Angee Leong and her husband, David Padget, live in Raytown, but as she was born and raised in Malaysia, her tropical, Southeast Asian heritage flavors all she does. Leong, a cook at a Lee’s Summit high school, once sold dumplings at local farmers markets and readily shares her delicious foods with family and friends. She has three adult children living in Malaysia and enjoys their visits.
Q: What do you enjoy about living in the heartland?
A: I was delighted to discover that the Kansas City area has a large, active and friendly group of Malaysians. I like the fellowship the group offers and since I like to cook, I enjoy sharing our traditional food at the local festivals and gatherings.
Q: What is Malaysia like and what has influenced the cuisine?
A: Malaysia is in Southeast Asia, and the overall climate, all year long, is hot and humid, yet we serve steaming hot and spicy hot foods year-round.
The cuisine is a fusion of many cultures, and as the country was once a part of the ancient spice trade routes, many of the dishes feature spices, such as dried chili peppers, ginger and curries. Asian cooking is all about flavor, and that is especially true for the foods of Malaysia. And a colorful, beautiful presentation is particularly important.
Q: What is Malaysian Curry Laksa?
A: This curry dish is a signature dish of Malaysia, and it is served all year long, even on hot summer days, for breakfast, lunch and dinner. It can be either a main dish or a snack.
Everyone in my country, of every ethnicity and culture, seems to enjoy serving a version of this flavorful and beautiful coconut milk-based soup. In the northern part of Malaysia this soup is often known as curry mee and is flavored with a fried chili paste, while in the central and southern part of Malaysia, curry laksa is thick and fiery.
As it is a noodle soup, where flavorful broth is poured over cooked noodles and then is topped with fresh ingredients, it may remind some people of ramen. The ingredients and toppings, such as bean sprouts, coconut milk, cucumbers, mint and lime, are fresh and colorful and balance the temperature and spiciness.
Q: Where do you purchase the spices and other specialty ingredients for this dish? Do you substitute some ingredients?
A: I purchase many of the ingredients, especially the spices and the tofu puffs, at Chinatown Food Market in the River Market area of Kansas City or at 888 International Market or Pan-Asia Market, both in Overland Park.
In Malaysia, the traditional curry laksa would have been made with cockles, a sweet, quarter-sized mollusk, but most people now substitute shrimp. The recipe I am sharing is written to cook chicken breasts, but when time is short you can substitute shredded rotisserie chicken.
Roxanne Wyss and Kathy Moore are cookbook authors and food consultants who make up The Electrified Cooks. They have published 11 cookbooks and thousands of recipes. They are members of Les Dames d’Escoffier and blog at pluggedintocooking.com. Email them at KCComeIntoMyKitchen@gmail.com.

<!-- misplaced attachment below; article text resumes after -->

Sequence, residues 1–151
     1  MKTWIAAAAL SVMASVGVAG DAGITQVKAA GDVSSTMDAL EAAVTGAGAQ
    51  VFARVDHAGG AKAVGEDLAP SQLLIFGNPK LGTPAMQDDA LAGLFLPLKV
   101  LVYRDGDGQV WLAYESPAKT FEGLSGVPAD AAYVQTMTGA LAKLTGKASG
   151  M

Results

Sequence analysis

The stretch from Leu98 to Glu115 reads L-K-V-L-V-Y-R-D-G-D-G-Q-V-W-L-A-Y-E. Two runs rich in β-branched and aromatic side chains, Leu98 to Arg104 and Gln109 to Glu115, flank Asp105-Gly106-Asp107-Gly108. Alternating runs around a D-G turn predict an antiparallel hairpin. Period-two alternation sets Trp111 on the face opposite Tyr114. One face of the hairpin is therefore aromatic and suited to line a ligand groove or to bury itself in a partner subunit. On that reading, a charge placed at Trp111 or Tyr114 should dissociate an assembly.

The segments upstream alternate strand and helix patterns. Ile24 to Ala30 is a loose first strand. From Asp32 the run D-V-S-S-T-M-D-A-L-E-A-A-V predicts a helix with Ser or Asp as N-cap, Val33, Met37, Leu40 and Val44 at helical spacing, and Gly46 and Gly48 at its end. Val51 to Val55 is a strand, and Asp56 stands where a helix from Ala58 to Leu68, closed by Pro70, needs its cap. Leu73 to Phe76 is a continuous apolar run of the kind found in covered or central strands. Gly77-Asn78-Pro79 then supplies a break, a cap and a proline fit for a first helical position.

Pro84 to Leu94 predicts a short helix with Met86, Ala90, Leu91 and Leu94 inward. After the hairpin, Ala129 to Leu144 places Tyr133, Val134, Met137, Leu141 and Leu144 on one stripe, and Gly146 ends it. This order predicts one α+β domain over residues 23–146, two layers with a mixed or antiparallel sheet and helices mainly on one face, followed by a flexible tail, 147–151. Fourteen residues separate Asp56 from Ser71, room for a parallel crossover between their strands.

Malaysian Curry Laksa (Curry Mee)
Makes 4 to 6 servings
3 dried red chili peppers
1 stalk lemongrass, about 3 to 4 inches long
5 shallots, peeled and halved
3 cloves garlic, halved
1 (1 1/2 inch) piece ginger, peeled and thickly sliced
1/4 cup water
1/2 cup curry powder
1/3 cup vegetable oil
2 bone-in chicken breast halves, skin removed
12 ounces fresh bean sprouts
6 ounces dried rice vermicelli (soak in warm water for 30 minutes to soften, drain)
12 ounces dried Asian egg noodles
8 ounces peeled, deveined medium or large shrimp
1 (13.5-ounce) can coconut milk
20 pieces tofu puffs, quartered (from an Asian market), optional
Salt, to taste
1/2 cucumber, peeled, seeded and cut into julienne strips
3 to 4 sprigs mint leaves, stems discarded,
1 lime, cut into wedges
Make the spice paste: Remove the seeds from the chili peppers and place the peppers in a small, deep bowl. Cover them with hot water and soak for about 30 minutes or until softened; drain.
Trim off the bottom of the lemongrass and discard any dry outer leaves.
Place the chili pepper, shallots, garlic, lemongrass, ginger and 1/4 cup water in a blender. Blend until smooth. Pour the mixture into a bowl. Mix in the curry powder to form a thick paste. Set aside.
Make the soup: Heat the vegetable oil in a large pot over medium heat. Add the spice paste and stir fry the spice paste until fragrant, about 5 minutes, stirring constantly. Add the chicken breasts and cook about 3 minutes on each side, or until well browned.
Pour in 6 cups of water. Cover and bring to a boil. Reduce heat and allow it to simmer for 20 minutes or until the chicken is tender and fully cooked.
Fill a separate pot half full of water and heat until boiling. Add the bean sprouts to the boiling water and cook for 20 seconds. Remove the sprouts with a metal strainer and set the bean sprouts aside.
Add the rice vermicelli to the boiling water and cook for 2 minutes. Remove the vermicelli with a metal strainer and set aside.
Cook the egg noodles in the boiling water for 3 to 5 minutes. Remove the noodles with metal strainer and set aside.
Remove the chicken breasts from the curry soup with tongs and set aside to cool slightly. When chicken is cool enough to handle, shred the meat and discard bones.
Lower shrimp into the curry soup with a metal strainer. Allow shrimp to cook for 3 to 4 minutes until shrimp curl and turn pink. Remove the shrimp with a metal strainer and set aside.
Pour the coconut milk into the soup. Add tofu puffs and season to taste with salt. Turn up the heat and bring the soup to a boil.
Place a portion of rice vermicelli, egg noodles, bean sprouts, some shredded chicken and shrimp in an individual serving bowl. Pour the curry soup over the noodles. Garnish with cucumber, mint leaves and lime wedge.